Review — L’Amour de loin, English National Opera, London Coliseum, July 2009


If you like Debussy’s Pelleas et Melisande you may love this opera by Finnish composer Kaija Saariaho, though I prefer music with more bite. It is a static, dreamlike creation lacking theatrical action, though that side of things was ably provided by director Daniele Finzi Pasca. He drew on his experience with Cirque du Soleil, and really did a terrific job, being responsible for the choreography and the lighting design, which was very colourful and clever. Each of the three principals was shadowed by two acrobats, and in that sense it reminded me of the recent Royal Opera production of Acis and Galatea, but this was so much better than Wayne McGregor’s nonsense that there was no comparison at all.

The story itself is based on a love poem by a famous troubadour from 12th century Aquitaine, a period when such poems in the Provençal language dealt with amor de lonh (distant love). The original author was troubadour Jaufré Rudel, prince of Blaye in Aquitaine, and his work had the title La vida breve. There are three main characters: the troubadour Jaufré; a travelling pilgrim; and Cleménce the princess of Tripoli.

The prince is obsessed by the idea of an ideal love, and though his companions mock him, the pilgrim says he has met such a lady, and when he returns to Tripoli, tells Cleménce about the prince. She prefers to remain distant to avoid any suffering, but the prince wants to meet her, and makes the journey, albeit full of foreboding and indecision, from which he becomes seriously ill. By the time he arrives in North Africa he is close to death, and meeting her, dies in her arms, metaphorically consummating his love. She rages against fate and enters a convent, praying to one far away, whether God or her lover we know not.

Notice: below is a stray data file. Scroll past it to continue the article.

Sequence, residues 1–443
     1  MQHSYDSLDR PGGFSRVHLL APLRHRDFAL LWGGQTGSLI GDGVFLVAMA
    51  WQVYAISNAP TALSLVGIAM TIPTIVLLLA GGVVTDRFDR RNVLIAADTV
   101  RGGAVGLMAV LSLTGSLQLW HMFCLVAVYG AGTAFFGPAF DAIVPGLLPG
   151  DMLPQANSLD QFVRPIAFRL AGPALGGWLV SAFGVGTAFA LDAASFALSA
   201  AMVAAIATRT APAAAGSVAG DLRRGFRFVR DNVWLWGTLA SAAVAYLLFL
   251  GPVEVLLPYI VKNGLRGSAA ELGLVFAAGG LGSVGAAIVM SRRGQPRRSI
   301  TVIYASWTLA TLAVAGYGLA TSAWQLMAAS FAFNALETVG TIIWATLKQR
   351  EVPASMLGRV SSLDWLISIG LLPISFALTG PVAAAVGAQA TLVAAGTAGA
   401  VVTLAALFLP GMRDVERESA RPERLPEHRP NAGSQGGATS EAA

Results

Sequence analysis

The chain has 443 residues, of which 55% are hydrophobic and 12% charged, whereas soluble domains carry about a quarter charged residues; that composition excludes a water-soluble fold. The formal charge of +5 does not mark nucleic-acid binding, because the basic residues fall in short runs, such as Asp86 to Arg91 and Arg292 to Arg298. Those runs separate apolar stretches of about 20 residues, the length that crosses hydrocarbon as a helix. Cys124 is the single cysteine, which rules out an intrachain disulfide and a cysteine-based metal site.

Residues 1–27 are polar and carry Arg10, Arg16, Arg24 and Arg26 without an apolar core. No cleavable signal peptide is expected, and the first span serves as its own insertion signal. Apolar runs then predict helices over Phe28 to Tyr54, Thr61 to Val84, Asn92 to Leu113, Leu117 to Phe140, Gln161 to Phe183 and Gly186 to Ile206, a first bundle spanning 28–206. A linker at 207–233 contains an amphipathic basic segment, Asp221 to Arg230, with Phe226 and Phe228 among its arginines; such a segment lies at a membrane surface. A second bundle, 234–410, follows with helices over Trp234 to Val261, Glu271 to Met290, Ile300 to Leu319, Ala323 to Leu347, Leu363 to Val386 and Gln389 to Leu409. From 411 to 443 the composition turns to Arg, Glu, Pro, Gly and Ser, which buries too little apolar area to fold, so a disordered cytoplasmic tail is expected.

The libretto by Lebanese-born writer Amin Maalouf is rather dreamy, like the music. For example as Jaufré travels by ship he asks the pilgrim, “Why is the sea blue?” and the pilgrim responds, “Because it reflects the sky”. “But why is the sky blue?” “Because it reflects the sea”. What are we to make of that — was it in the original by Jaufré himself?

Saariaho’s music is kind to the singers in the sense that they never seem to be battling with it, but easily singing over it, and I thought Faith Sherman did particularly well as the pilgrim. So indeed did Roderick Williams as Jaufré, and Joan Rodgers did well as Cleménce. This UK premiere, under the baton of music director Edward Gardner, presumably did justice to the composer’s intentions, but I have to say that I found it dull. The production however was extraordinary, and I loved the set designs by Jean Rabasse, and the costumes by Kevin Pollard, even if the pilgrim did look like an elf from Peter Jackson’s film version of the Lord of the Rings. The journey by ship was done against a wonderful background of swirling water projected onto a screen, with acrobats performing throughout the voyage. The only thing I didn’t like about the production was the small screen that two performers wheeled to the front of the stage from time to time, showing rather odd images — it was a distraction.

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